July 19: Sputtering light

NAOMI L. NAKAO: My father used to say, "Israel is a light to all nations." I never thought much about this until recently, when I wished it were true.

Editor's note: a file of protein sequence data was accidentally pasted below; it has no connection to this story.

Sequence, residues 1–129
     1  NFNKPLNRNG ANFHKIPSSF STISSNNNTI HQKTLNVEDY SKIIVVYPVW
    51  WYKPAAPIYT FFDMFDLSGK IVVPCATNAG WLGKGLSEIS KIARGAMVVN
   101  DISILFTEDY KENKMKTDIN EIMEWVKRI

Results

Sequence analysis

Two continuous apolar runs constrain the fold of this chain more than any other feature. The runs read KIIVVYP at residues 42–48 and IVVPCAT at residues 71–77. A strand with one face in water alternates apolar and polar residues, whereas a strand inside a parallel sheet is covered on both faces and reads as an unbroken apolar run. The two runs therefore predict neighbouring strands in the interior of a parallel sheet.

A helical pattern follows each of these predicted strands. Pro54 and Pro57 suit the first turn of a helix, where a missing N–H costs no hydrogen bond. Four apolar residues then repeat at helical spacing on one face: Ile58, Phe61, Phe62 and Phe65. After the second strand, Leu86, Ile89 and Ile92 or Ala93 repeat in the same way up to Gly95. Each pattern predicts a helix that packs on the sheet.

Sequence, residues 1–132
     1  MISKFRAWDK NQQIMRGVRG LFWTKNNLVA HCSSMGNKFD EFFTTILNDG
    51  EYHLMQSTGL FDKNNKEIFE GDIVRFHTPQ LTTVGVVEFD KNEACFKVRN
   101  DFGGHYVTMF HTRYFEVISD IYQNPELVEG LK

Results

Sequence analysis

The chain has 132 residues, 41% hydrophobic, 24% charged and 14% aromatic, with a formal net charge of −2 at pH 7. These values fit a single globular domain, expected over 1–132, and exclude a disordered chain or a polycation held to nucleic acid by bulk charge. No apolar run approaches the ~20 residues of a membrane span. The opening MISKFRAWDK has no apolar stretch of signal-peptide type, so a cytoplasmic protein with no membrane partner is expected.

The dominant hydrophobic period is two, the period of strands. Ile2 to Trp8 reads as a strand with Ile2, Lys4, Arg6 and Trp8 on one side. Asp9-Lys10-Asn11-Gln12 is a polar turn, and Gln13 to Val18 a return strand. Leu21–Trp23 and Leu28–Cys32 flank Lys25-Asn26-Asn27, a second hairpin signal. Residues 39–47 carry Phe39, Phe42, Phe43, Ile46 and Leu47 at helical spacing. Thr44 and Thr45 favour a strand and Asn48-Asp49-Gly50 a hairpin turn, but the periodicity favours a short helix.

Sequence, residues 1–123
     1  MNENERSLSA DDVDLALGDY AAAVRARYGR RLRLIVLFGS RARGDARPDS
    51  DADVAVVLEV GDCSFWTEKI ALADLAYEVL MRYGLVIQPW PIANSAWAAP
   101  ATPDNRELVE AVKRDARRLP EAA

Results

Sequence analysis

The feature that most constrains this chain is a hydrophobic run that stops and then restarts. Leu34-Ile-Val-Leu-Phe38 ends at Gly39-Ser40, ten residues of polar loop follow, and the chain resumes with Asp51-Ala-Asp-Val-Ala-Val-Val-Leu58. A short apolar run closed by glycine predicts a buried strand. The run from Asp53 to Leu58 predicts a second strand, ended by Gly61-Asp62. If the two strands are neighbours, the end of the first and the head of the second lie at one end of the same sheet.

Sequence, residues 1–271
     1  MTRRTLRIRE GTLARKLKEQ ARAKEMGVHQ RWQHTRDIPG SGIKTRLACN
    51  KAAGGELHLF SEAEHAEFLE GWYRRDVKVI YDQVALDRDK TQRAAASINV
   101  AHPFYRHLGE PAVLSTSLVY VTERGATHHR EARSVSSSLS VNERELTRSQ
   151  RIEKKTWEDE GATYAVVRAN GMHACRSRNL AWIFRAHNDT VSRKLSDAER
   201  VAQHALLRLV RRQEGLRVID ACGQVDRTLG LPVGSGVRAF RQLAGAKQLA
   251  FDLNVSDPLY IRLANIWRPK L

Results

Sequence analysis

Sputtering light Sir, - I am an Israeli expatriate, born in 1946. I have always loved my homeland and been proud to be an Israeli. My father used to say, "Israel is a light to all nations." I never thought much about this until recently, when I wished it were true. When Cpl. Gilad Shalit was taken by Hamas, a nation that is a light to all others would have said: "Yes, our neighbors in Gaza, we do indeed plan to return your [jailed] women and children. But that is not all; we will provide a stipend of $20,000 for every freed Palestinian child to study, and $20,000 for every freed Palestinian woman to plant her vegetable garden, and provide a little bit for her family. We will call this the Gilad Shalit Fund." A deed like this, which would cost Israel less than a half a day of war, would surely turn the Middle East around. My uncle, Andrew Loew, a Holocaust survivor who learned on his own flesh what it is like to be a Jew without a homeland, encouraged me to write this letter to you ("Red Cross demands that soldiers' captors allow links to families," July 14). NAOMI L. NAKAO New York Peace monologue Sir, - Paul Kokoski perfectly demonstrates the naive thinking prevalent in this "nation of peacemakers" ("Sincere dialogue," Letters, July 17). Just one question for you, sir. With exactly whom should Israel conduct "sincere dialogue" when her enemies are openly seeking her utter destruction? STEPHEN TANNENBAUM Thornhill, Ontario Sir, - The Palestinian people elected Hamas, a terrorist organization committed to the destruction of Israel. By electing Hamas, weren't they saying they do not want peace? SCOTT BOA Ingersoll, Ontario Unequivocal support... Sir, - "Correct the damage" (Editorial, July 16) stated that "the leader of only one nation, the United States... has been unequivocal in his support for Israel's position." I wish to point out that Canada's prime minister firmly supports Israel. Responsibility for the escalating violence in the Middle East rests entirely with those who have kidnapped Israeli soldiers, Prime Minister Stephen Harper said. Harper, on his first major international foray, hadn't even touched down in Europe before aligning himself firmly with the US and Israel. "Israel has the right to defend itself... I think Israel's response under the circumstances has been measured." While many countries are urging restraint, Harper told The London Free Press, an Ontario-based newspaper: "The onus to end this escalation is on the other side... it's essential Hizbullah and Hamas release their Israeli prisoners, and any countries in that area that have influence on these organizations should encourage an end to violence and recognize - and encourage the recognition of - Israel's right to exist." SAMUEL MILLER Montreal ...pity you were wobbly Sir, - Your editorial writer praised the Bush administration for its unequivocal support of Israeli actions in Lebanon. Too bad the Americans were less than supportive of Israeli military actions to prevent the firing of Kassam rockets from the Gaza Strip in the past two years. Indeed, had the Bush administration been more supportive of the past two Israeli governments in their determination to carry out effective military reprisals for the Kassam rockets fired from the Gaza Strip into Israel, the present round of fighting in Lebanon and Gaza might well have been avoided altogether. KENNETH S. BESIG Kiryat Arba Sir, - I believe most of the world understands what Israel has to do. Even the Saudis, Jordanians and Egyptians are critical of Hizbullah. It seemed like the eighth wonder of the world when they actually said it ("Arab world fed up with Hizbullah," July 18). If this is genuine, I am sincerely impressed. Part of me cannot believe it, but part of me absolutely can because it is in everyone's interest to defeat organizations like Hizbullah and Hamas, whom no compromise on earth will satisfy. NATALIE ROSEN Framingham, Massachusetts History's hard lessons Sir, - Alexander Zvielli's From Our Archives is a most interesting, and often instructive, feature. For example, he cited a July 16, 1981 report in which "three Jews were killed in the heavy terrorist shelling of Nahariya and Kiryat Shmona." Apparently many people, such as David Forman, have not learned from history, and nowadays many more Jews are being killed, maimed or traumatized by terrorist attacks in their own homes and settlements. I name Rabbi Forman for, juxtaposed with the Archives report was his absurd proposal that Israel "release as many Palestinian prisoners as possible" ("Prisoners are no asset," July 16). Does your writer lack the intellectual integrity to call so many of those prisoners what they were, and will again be, if released - murderous terrorists? Can he and we not learn from contemporary history and not release murderers, thereby perhaps obviating a future archival reference to many more murdered innocent Israelis? MOSHE BERLIN Jerusalem Sir, - Rabbi Forman makes two points. First, he claims many innocent Palestinians are in Israeli jails. I presume he would not make such a statement without solid proof. If he has proof, let him present it to the courts so the innocents can be released. Secondly, he argues that first-time offenders often become hardened criminals, which is certainly true. But he offers no other solution for dealing with such people. If he has one, I hope it will first be tried out in some other country because until it is proven to work, I will feel much safer walking the streets under the current system. JOAKIM ISAACS Jerusalem Showing what's what and who's who Sir, - There is no question Israel has the right to attack Hizbullah in Lebanon, and most of the world knows it. Every talking head on television says a cease-fire is not in the cards. This is escalating quickly, and now that Iran has instigated this war it'll do whatever it can to keep it going. Israel has always done the unexpected and, at this point, since nobody expects a cease-fire, perhaps it's the smart thing to do. Israel is better than her enemies, and the mounting civilian death toll in Lebanon weighs heavy on her collective conscience. If the Israeli government, on its own terms, declared a 48-hour cease-fire to ease the suffering of the Lebanese people, moderate Arab states would be eager to negotiate the release of captive soldiers. It would be a gesture that would show Israel's character and expose Hizbullah, Syria and Iran as the true enemies of Lebanon and the world. GARY TAUSTINE New York Show 'em the door Sir, - Democracies have a difficult time when they are at war. Freedom of the press has to be curtailed. Censorship of our reports - where and when enemy rockets fall - must be enforced. But also, and obviously, Arab reporters whose reports help guide Hizbullah's artillery toward their targets in our country must be shown the door. These restrictions must be implemented immediately. Victory and defeat are in the balance ("IDF censor issues guidelines for media," July 17). AVIGDOR BONCHEK Jerusalem Hear us, O Israel Sir, - Israel has every right to protect its territories and its people by attacking the enemy. We Indians are fully supporting Israel. Both countries are being affected by Islamic fundamentalists. We support the actions against the Palestinians and Hizbullah in Lebanon. Israel will succeed in the war. T.S. PRAKASAM TAMILIAN President, Indo-Israeli Friendship Association Mannargudy, Tamilnadu State India Sir, - It is with great satisfaction that, for once, cause and effect of the latest events have been correctly and clearly stated - in stark contrast to the position of our own Swiss foreign minister, who does not refrain from infringing on our policy of strict neutrality by airing her markedly leftist ideology clearly favoring a decidedly pro-Palestinian and pro-Arab position. This letter is to reaffirm to the Israeli people that this is by no means the opinion of all Swiss people. You have every right to defend your country! And to those who sing the song of moralism and so-called peace (perhaps more to do with appeasement) from their relatively safe places in western Europe, let them attend to their own business, or else we may be facing similar ordeals sooner rather than later. CHARLES U. SCHNEITER Basel, Switzerland Sir, - Hizbullah's provocation was outrageous. Israel has the right to defend itself from any threat and the IDF is doing its best to defend the Israeli people. SHAMAL SEROCHKI Sara, Kurdistan Sir, - I am helping your fight for survival by always referring to Israel as Judea - and when some folks look at me funny is when I start my little summary of the history of Judea. LILIANA HUNIU Torrance, California Sir, - Like many Americans, I have never been to Israel. I do look forward to visiting there someday in an atmosphere of peace, safety and stability. I am confident that Israel will defend itself, and that the friendship between our countries will grow stronger each day. I am one of tens of millions here who pledge their support, prayers and, if necessary, their lives, to our allies in Israel. RANDAL BEEMAN Bakersfield, California A call to arms Sir, - "Chabad drafts both tefillin and charity in war effort" (July 18) reminded me of a Post article during the abortive Israeli-Lebanese peace talks in the '80s. A Chabad group outside the Israeli hotel where the talks were taking place mistook a Lebanese negotiator for a member of the Israeli team and asked him to put on phylacteries. Declining politely, the Lebanese delegate quipped, "The peace talks haven't progressed that far." YONATAN SILVER Jerusalem